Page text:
- Even though this is the case, it is vital to wash your tools and hands before handling the plants. This is to make sure that pests elsewhere do not infest the plant.
- The most typical pest that comes after Brussel sprouts is the aphids. When you use them on your plants, you do not need to use a pesticide. Use a water spray to wash them off the plant.
When to Plant Brussel Sprouts Zone 5
Zone 5 is part of the hardiness zones as listed by the USDA. The zone labeling helps to tell which plant will survive where during cold temperatures. Zone 5’s average winter temperature is between -10 to – 20 degrees Fahrenheit.
There are 32 states listed in Zone 5 by the USDA. Here are those states. Many vegetables thrive in Zone 5, and due to that, agriculturists consider that an average growing season. In Zone 5, most vegetables are already mature before the time the initial frost sets begin.
The first frost is usually around October 15, and the last is generally around May 15. Gardeners in this zone should always keep up with temperature changes.
Brussel sprouts need a long growing season. At least 80 days from planting to harvesting. You will get better produce when you plan to harvest in early winter or fall. The flavor of the Brussel sprouts increases just after one or two touches of frost.
So when and how to grow Brussel sprouts in Zone 5? In the first two weeks of March. In the second to last week of April, send the Brussel’s seedlings sprouts out to the garden.
As a rule of thumb, sow the Brussel’s seedlings sprouts four months before the frost falls for the first time. So, check your frost date and count backward for four months.
For areas where temperatures go below the freezing point, which Zone 5 is part of, plant the seeds indoors 14 to 21 days before the last frost of spring. This will enable you to get your harvest early enough.
For areas where winter is mild and temperatures go below the freezing point only occasionally, plant the seeds of the Brussel plants outdoors early in the summer so that you can get the harvest in the fall or just before winter harvest.
For areas where winters are warm, and the temperature never goes below the freezing point, plant the seeds outdoors late during summer so you can get your harvest in the middle or late winter.
When to Plant Brussel Sprouts Zone 6
Zone 6 is warmer than Zone 5, with a temperature difference of 10 degrees. The average temperature of Zone 6 is between -10 to 0 degrees Fahrenheit. There are 38 states in zone 6.
Zone 6 is considered a more prosperous Zone for planting vegetables than Zone 5 since it is warmer. This makes Zone 6 a better option in planting more crops because it can accommodate both cold-loving and warmth-loving plants.
When and How to Grow Brussel Sprouts in Zone 6?
You can start by planting the seedling of the Brussel sprouts inside your house in April. Then you can transplant into the garden later on.
As a rule of thumb, most vegetables are planted six weeks before the fall of the last frost. This date can vary due to changes in weather conditions. It can be either April 1 or May 1.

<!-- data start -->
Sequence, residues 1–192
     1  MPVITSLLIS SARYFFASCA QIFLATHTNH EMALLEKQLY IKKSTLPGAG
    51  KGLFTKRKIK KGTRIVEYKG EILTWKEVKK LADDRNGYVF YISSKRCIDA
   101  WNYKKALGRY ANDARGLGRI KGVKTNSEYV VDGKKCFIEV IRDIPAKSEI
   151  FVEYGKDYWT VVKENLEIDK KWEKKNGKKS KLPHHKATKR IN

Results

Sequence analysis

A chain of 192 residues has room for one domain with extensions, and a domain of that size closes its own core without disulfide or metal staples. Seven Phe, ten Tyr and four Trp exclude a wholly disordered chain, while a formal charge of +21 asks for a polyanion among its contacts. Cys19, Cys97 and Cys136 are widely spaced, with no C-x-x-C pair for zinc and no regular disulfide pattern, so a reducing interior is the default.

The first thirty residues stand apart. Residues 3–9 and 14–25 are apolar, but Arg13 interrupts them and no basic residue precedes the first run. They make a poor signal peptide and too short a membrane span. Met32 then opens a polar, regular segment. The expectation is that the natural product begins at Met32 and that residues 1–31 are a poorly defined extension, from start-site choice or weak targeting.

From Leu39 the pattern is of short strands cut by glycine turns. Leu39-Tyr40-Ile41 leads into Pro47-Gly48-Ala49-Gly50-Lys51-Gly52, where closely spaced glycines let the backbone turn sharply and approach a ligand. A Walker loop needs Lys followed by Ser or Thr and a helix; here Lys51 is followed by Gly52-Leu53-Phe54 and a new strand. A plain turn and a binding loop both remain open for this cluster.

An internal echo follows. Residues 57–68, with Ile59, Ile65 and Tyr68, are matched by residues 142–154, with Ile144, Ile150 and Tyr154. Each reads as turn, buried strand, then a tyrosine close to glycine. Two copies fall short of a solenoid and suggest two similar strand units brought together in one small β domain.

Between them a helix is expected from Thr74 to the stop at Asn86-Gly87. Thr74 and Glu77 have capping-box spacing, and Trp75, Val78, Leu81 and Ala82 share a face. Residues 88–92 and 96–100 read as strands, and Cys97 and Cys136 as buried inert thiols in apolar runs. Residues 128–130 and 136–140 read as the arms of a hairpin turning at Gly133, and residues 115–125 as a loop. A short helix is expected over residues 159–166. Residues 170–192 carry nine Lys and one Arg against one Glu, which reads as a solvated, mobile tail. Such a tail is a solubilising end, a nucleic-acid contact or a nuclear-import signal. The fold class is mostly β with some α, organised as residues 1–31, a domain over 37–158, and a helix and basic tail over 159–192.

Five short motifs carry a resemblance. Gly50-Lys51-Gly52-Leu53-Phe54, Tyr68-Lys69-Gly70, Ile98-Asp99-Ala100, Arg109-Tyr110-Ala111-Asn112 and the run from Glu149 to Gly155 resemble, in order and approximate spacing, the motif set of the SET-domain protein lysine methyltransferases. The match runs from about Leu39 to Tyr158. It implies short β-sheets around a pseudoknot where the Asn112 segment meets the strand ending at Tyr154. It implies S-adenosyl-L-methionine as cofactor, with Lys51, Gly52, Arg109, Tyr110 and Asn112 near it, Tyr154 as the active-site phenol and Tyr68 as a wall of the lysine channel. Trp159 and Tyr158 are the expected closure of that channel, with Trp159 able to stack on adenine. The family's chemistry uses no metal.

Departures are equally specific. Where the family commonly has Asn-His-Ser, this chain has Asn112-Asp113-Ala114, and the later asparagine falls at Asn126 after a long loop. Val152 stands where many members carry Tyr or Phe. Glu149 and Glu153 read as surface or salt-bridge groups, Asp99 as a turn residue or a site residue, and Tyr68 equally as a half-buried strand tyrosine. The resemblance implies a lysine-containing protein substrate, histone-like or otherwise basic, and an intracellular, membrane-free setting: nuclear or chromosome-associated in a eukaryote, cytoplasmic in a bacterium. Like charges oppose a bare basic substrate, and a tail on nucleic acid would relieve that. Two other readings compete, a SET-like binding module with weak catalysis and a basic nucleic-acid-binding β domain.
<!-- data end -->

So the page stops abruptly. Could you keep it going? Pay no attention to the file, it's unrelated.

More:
It’s vital while learning how to grow the Brussel sprout plant that you check the first and last frost dates to make an informed choice of when actually to start planting.
Lastly, to know the exact number of days it will take for a particular Brussel sprout seedling to be ready for harvest, look at the seed packet’s body, and check how many days it will take the plant to mature.
Caring for Your Plant
Here are a few things you need to have in mind when thinking of growing Brussel sprouts.
- Though the Brussel sprouts love sunshine, you must take care so it does not get too warm. For the sprouts to germinate, you have to plant them in soil with temperatures between 50 to 85 degrees. If you plant them in cold temperatures below the freezing point, it won’t germinate. The only way around this is to grow in a container indoors or a greenhouse.
- Mulching is required to help the plant keep moisture in during hot days.
- Water the Brussel sprouts often. Moist soil will maintain the required soil temperature.
- Fertilize the plant once every month. The Brussel sprouts need a lot of nutrients, especially boron.
Brussels Sprouts Diseases and Pests
- Brussels sprouts are prone to rust. To help prevent this, plant species that are rust-resistant. Don’t do overhead watering. Water only in the morning and space out your plants for proper air circulation.
- Brussels attract cabbage worms. Use row covers to curb large infestations.
- Spray aphids away with water.
- Mulching helps curb the number of flea beetles attacking the plant.
- To prevent the activities of clubroot, practice crop rotation, and solarize the garden.
- Wash and sanitize the seed tools and equipment to prevent powdery mildew.
Read Also: Brussel Sprout Growing Problems
Harvesting Your Plant
Your sprouts will most likely be rip after 90 days. Cut off the sprouts after they have reached two diameters in size. Harvest from the bottom because the sprouts at the lower part of the stalk mature first.
Another sign that your sprout s mature is when the leaves turn yellow. Start harvesting them immediately.
Reading through how to grow Brussel sprouts, you might think it is stressful, but the stress is worth it during harvest. You will not remember how tasking it was when you were planting and taking care of the plant.
When you must have harvested the plant, Put the Brussel sprouts in a cellophane bag and refrigerate. It can remain fresh for at least five days. You can store the seedling for another planting time.
Ensure the seedling came from well-yielding plants. Now, you have read much on how to grow Brussel sprouts, go to your garden, and practice.